I Have Sand in My Shorts and It’s Itchy…

posted by on 11th February 2012, at 5:46pm

Going to the beach is awesome. Going out with friends and family, building sandcastles, and generally getting sunburned because you thought “Nah, I’m good, I don’t need that much sun lotion….” is pretty awesome on the whole. Sandboxes on the other hand, not so much…
The idea of a sandbox is to, in a sense, recreate the beach without going to the beach. It’s a little bit amusing, but you wouldn’t want to spend the whole day in one. There’s always leaves, it’s extra damp and muddy at the bottom, but not in the “I just dug down far enough that sea-water is seeping through way, but more in the “I found out where all the water went after it rained” way. Not to mention there’s always the cat/dog/bird/other kid/miscellaneous animal living in there, using it as a bathroom, or worse, both.

I mainly bring this up because, as we all know, there’s the genre in gaming know as the “sandbox” type game. The name usually implies control over your world and how it works, with your actions changing and shaping it as you play. Minecraft is a great example of what a sandbox game is/should be. I know; the graphics leave something to be desired, it doesn’t have beautiful high-res rendered in Unreal, Source or any other high-quality game engine and Runescape’s graphics put it to shame at the moment; but, it does do one thing for the player: it allows them to do and make anything, and I mean anything they want. Do you want a castle connecting to a mine with a moat and a bridge? You’ve got it! Want to make an ALU? You can do it! Wanna make a building shaped like famous places? Sure! We can do that! What about building fully-detailed reproductive organs? Well, you might be kind of alone in that desire, and as much as you may want to brag, it will never be perfectly to scale (it’s like a bad fishing story…).

Unfortunately, this concept of an “open-world sandbox” has been over-abused. We now have more and more games that are saying “Hey! Listen! In our new game we have a wonderful, living, open-world sandbox for you to explore in our game, so please buy it!”, only to later find out that the game could stand completely on its own without the “feature” and that, in fact, it’s amazingly superfluous. For example, probably two of the best games that came out this past year of 2011: Batman: Arkham City and L.A. Noire. Both have solid story-lines, good acting, great production values and have been critically acclaimed as great games, and yet, both have this awkwardly tacked-on open-world mechanic that seems to be there more for show than anything else. In L.A. Noire, unless you want to spend five minutes of driving just to get from one neighborhood to the next, possibly responding to the street crime that always seems to pop up in the exact opposite direction of your next mission objective and near to absolutely nothing interesting, you let your partner drive everywhere.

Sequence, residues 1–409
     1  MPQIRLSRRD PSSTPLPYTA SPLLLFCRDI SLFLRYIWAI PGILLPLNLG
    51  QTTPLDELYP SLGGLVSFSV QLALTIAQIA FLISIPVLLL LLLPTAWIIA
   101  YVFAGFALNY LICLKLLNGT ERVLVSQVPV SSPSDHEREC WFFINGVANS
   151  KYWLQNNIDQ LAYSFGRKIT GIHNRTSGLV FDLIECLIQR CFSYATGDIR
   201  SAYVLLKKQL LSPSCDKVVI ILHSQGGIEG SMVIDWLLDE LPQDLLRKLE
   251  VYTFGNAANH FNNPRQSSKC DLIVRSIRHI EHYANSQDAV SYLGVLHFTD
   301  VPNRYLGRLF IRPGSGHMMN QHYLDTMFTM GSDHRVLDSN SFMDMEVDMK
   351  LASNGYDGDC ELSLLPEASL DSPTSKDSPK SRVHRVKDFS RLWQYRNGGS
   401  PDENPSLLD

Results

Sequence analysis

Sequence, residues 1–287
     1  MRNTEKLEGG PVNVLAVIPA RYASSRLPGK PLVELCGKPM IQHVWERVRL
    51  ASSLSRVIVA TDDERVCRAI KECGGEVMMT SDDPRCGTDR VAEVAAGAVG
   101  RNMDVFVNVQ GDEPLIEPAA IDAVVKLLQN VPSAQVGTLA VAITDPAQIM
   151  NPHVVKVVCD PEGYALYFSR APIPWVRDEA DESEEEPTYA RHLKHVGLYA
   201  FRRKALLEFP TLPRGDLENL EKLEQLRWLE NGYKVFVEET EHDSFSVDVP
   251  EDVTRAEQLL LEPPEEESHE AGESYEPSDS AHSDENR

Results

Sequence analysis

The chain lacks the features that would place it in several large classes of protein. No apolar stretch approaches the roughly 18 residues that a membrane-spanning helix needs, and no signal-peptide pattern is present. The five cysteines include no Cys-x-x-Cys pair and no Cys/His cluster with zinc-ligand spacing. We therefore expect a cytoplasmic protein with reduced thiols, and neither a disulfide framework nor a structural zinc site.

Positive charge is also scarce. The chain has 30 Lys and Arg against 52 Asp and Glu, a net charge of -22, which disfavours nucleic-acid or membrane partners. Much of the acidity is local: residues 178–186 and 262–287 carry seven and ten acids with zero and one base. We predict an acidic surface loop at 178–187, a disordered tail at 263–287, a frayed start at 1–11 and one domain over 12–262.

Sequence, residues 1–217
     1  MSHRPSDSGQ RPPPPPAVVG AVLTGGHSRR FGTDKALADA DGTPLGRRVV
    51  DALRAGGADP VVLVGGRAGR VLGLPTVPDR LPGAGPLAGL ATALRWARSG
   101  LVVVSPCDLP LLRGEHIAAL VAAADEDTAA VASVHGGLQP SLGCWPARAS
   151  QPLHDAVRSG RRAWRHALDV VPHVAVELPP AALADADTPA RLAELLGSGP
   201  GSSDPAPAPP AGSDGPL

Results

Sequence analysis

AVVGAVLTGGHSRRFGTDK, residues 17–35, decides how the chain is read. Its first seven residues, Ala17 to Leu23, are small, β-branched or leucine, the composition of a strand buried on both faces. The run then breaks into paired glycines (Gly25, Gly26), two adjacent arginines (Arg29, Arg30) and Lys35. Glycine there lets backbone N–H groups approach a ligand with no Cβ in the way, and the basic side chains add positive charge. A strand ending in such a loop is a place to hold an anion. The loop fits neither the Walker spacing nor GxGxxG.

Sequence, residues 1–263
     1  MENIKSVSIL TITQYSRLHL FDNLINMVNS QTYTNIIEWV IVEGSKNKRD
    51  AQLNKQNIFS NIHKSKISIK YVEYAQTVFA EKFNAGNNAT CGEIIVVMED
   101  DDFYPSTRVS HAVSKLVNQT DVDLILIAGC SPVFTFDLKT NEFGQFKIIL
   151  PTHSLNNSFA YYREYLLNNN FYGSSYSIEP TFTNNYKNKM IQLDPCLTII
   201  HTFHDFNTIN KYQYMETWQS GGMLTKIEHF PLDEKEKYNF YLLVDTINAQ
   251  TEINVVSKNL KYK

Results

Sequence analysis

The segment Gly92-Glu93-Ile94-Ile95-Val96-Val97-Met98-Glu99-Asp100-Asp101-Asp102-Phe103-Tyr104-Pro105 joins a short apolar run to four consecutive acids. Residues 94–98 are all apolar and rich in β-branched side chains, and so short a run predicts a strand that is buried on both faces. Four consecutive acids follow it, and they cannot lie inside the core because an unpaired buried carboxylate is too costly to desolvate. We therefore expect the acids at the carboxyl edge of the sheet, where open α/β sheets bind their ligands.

Even though Minecraft is a good example of an excellent sandbox game, allowing you to create huge edifices and buildings in general, but, it hasn’t yet transcended the barrier of full freedom of movement and creation. Modders have gotten closer than anyone else with modified game modes with possibilities of magic, vehicles, cities, quests, bosses, more creatures and more advanced items and weapons. For example, one server can have a city that has an understandable and functional economy, a survival world, a hardcore world and most impressively, a ship battle area with submarines, ships and airplanes that are all fully functional and sink/crash when destroyed by tnt cannons or anti-aircraft guns. Other servers have magic and spells that allow you to teleport, make and shoot fire and ice arrows and conquer castles and kingdoms. Heck, there are even a few zombie survival servers out there, and all of this created by players that took the basic tools and functions of the creation of Markus Pearsson and made their own games and modes.

The true sandbox shouldn’t really be called a sandbox. When we get to the point where we have a game that allows and gives us the tools to do, well, anything, it should really be called a beach game, the better, more fun and more awesome big brother that sandboxes want to be. And yet, we as players would all of a sudden transcend the state of merely being players to being, in essence, the developers of our own games, dictating our own experiences and stories. As with all change, there would be plenty of people against the change, there will still be a demand and need for traditional gaming because we want the experience that a particular creator can deliver. Many developers would protest such a change in how games are made and produced, but with this relatively new media platform of gaming, we as players and the developers of tomorrow need to work to keep games as a diverse and flexible medium.

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